Book Image

Parallel Programming and Concurrency with C# 10 and .NET 6

By : Alvin Ashcraft
Book Image

Parallel Programming and Concurrency with C# 10 and .NET 6

By: Alvin Ashcraft

Overview of this book

.NET has included managed threading capabilities since the beginning, but early techniques had inherent risks: memory leaks, thread synchronization issues, and deadlocks. This book will help you avoid those pitfalls and leverage the modern constructs available in .NET 6 and C# 10, while providing recommendations on patterns and best practices for parallelism and concurrency. Parallel, concurrent, and asynchronous programming are part of every .NET application today, and it becomes imperative for modern developers to understand how to effectively use these techniques. This book will teach intermediate-level .NET developers how to make their applications faster and more responsive with parallel programming and concurrency in .NET and C# with practical examples. The book starts with the essentials of multi-threaded .NET development and explores how the language and framework constructs have evolved along with .NET. You will later get to grips with the different options available today in .NET 6, followed by insights into best practices, debugging, and unit testing. By the end of this book, you will have a deep understanding of why, when, and how to employ parallelism and concurrency in any .NET application.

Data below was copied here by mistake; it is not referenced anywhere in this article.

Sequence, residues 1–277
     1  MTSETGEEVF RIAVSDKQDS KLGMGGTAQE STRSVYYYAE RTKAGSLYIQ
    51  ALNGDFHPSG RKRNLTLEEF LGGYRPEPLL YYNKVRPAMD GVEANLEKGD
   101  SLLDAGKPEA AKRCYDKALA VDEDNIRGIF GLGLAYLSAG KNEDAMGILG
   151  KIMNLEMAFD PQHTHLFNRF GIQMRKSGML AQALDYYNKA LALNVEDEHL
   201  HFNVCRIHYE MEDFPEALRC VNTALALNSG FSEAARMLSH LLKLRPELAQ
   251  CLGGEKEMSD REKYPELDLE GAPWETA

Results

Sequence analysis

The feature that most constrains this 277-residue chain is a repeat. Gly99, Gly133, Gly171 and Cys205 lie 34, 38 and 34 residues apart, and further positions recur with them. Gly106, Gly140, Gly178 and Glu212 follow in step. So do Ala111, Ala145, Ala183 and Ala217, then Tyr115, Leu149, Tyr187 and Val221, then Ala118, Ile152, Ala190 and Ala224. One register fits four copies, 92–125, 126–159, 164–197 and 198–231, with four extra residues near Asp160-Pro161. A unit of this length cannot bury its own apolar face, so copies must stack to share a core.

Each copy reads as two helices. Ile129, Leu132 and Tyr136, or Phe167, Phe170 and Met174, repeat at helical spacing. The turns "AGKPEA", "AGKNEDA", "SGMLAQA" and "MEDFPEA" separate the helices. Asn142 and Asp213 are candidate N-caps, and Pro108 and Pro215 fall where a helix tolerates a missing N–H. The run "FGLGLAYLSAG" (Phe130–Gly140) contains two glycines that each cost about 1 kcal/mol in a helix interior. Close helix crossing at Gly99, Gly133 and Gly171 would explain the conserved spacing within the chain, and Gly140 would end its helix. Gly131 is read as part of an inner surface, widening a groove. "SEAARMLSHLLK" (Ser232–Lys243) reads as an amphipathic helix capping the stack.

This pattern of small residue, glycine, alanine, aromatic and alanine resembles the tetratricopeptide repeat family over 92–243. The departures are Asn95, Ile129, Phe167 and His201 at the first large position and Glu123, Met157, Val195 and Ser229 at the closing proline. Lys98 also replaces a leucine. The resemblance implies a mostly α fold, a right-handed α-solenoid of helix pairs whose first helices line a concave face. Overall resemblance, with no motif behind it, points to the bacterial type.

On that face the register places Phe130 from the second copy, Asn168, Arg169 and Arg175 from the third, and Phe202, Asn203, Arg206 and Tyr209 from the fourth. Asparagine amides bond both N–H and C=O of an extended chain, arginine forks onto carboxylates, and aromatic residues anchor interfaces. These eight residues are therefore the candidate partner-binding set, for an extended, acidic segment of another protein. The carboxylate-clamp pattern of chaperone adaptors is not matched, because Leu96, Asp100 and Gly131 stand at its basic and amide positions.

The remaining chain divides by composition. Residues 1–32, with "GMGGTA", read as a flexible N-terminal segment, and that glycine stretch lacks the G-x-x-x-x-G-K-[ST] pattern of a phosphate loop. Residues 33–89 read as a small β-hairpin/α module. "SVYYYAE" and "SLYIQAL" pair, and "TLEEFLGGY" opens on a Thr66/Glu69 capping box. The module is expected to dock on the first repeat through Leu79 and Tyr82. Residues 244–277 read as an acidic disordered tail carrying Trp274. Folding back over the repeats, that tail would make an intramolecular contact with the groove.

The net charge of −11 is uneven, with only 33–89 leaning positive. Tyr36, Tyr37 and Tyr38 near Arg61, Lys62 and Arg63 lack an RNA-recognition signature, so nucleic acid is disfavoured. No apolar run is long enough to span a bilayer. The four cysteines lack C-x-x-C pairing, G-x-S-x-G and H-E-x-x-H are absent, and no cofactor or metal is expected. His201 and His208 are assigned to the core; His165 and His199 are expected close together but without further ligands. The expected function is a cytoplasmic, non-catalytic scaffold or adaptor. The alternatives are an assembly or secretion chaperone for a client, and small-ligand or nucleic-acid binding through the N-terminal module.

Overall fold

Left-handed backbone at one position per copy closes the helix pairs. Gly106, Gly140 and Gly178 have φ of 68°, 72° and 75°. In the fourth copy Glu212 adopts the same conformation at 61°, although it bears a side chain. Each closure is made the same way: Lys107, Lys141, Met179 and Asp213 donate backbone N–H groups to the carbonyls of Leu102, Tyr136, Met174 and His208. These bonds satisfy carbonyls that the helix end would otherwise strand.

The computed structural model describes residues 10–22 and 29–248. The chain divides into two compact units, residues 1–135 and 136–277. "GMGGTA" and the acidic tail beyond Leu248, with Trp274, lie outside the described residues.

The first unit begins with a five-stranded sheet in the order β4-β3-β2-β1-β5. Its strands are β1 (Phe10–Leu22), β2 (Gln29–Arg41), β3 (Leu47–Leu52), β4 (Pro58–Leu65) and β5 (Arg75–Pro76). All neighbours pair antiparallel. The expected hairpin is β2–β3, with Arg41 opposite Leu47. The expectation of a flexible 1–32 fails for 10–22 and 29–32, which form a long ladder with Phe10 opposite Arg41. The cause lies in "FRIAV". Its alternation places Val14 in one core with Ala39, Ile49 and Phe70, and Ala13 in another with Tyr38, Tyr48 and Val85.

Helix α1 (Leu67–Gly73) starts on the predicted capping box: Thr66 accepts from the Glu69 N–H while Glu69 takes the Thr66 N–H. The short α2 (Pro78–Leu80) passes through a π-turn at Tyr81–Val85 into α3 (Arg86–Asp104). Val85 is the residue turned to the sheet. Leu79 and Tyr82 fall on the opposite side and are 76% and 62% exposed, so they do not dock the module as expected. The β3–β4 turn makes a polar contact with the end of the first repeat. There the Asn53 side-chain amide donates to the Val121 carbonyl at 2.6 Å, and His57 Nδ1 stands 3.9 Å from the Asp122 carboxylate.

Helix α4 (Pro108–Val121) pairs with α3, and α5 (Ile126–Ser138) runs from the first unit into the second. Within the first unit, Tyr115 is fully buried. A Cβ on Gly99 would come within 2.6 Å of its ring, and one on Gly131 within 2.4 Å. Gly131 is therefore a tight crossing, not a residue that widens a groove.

Table of Contents (18 chapters)
Part 1:Introduction to Threading in .NET
Part 2: Parallel Programming and Concurrency with C#
Part 3: Advanced Concurrency Concepts

Switching and flagging threads

The Threads window provides so much power when debugging a multithreaded application. We touched on some of these features in the previous section. In this section, we will learn how to switch threads, flag threads, and freeze or thaw a thread. Let’s start by switching between threads in our BackgroundPingConsoleApp project.

Switching threads

You can switch context to a different thread by using the context menu in the Threads window. Run the project and wait for the debugger to pause at the breakpoint in our anonymous method. While the execution is paused in the debugger, right-click on the Main Thread row and select Switch to Thread. The cursor in the debugger should switch positions to the Console.ReadLine() statement. This is where the main thread is waiting for the user to press any key in the console:

Figure 10.6 – Switching threads in the Visual Studio debugger

You can see how this function could be...